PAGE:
That too! But I would describe that as a variation on the theme--now instead of not having the $288,000 to spend, you'll have it, but you want to save it for your heirs. The consequence is going to be less money to spend on yourself, but if that is what you want to accomplish, deferral is again moot.

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Re: My dad is taking Social Security at 62, why would anyone not? (If they already quit working)

Post by One Ping » Fri May 19, 2017 6:53 pm

NiceUnparticularMan wrote:The consequence is going to be less money to spend on yourself ...

Maybe, but in his case his DB pension + SS (@ 62) are probably $90K/yr. You are right, he will have less to spend on himself, from a cash flow perspective, doing it his way ... but he won't be hurting. :happy
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Re: My dad is taking Social Security at 62, why would anyone not? (If they already quit working)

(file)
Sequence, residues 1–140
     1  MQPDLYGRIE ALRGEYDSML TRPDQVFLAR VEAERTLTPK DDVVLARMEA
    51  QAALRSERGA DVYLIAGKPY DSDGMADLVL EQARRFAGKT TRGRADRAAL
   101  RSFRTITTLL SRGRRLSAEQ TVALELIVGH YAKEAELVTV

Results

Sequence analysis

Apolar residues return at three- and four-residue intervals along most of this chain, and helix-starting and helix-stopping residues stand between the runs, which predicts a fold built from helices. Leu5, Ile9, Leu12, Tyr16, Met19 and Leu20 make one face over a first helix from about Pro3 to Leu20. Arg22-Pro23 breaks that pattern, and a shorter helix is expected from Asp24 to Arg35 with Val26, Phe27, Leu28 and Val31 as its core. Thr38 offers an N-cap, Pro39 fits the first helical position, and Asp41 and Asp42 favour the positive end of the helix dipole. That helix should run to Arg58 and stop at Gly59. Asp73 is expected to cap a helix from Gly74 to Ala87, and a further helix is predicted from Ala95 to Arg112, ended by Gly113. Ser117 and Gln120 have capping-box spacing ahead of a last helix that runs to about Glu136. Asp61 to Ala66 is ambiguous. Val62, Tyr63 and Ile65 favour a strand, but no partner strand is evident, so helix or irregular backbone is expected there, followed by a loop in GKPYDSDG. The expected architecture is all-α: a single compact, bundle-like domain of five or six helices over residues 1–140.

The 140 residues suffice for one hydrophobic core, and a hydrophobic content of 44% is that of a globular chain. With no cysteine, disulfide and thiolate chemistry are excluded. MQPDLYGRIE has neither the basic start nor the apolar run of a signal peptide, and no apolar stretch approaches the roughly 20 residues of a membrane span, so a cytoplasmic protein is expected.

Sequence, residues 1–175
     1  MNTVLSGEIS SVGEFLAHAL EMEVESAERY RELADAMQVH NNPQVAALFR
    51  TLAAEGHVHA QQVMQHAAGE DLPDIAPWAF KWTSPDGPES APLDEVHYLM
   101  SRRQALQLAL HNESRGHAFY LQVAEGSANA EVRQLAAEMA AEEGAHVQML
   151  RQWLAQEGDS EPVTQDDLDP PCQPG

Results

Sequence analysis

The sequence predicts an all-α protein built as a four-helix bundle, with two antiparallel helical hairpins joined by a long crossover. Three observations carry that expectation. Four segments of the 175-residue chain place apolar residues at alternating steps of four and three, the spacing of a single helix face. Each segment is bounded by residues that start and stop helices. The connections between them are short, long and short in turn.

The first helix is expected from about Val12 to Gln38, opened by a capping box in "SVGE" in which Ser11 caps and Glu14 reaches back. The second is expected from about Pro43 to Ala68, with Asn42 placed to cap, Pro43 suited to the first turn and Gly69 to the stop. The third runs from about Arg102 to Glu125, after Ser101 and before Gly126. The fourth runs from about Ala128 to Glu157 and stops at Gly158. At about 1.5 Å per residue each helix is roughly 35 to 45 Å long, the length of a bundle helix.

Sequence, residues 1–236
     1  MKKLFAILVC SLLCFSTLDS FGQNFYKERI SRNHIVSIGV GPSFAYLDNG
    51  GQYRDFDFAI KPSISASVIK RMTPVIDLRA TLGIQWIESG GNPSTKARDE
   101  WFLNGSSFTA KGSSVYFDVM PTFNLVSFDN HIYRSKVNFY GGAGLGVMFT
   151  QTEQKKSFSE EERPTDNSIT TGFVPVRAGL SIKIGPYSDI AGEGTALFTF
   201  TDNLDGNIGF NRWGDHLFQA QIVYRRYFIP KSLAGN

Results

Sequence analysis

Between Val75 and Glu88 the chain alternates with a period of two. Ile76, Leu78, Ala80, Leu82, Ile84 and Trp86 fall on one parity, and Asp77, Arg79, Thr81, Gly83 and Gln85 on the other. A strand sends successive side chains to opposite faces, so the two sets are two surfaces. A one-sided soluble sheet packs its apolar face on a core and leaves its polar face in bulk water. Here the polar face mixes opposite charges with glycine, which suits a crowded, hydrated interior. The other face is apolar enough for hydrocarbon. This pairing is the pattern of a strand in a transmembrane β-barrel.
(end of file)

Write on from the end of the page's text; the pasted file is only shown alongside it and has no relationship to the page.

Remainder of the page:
Post by NiceUnparticularMan » Fri May 19, 2017 8:11 pm

One Ping wrote:
NiceUnparticularMan wrote:The consequence is going to be less money to spend on yourself ...

Maybe, but in his case his DB pension + SS (@ 62) are probably $90K/yr. You are right, he will have less to spend on himself, from a cash flow perspective, doing it his way ... but he won't be hurting. :happy


And good for him! Sounds like a well-lived life to me.

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Re: My Dad is taking Social Security at 62, why would anyone not? (If they already quit working)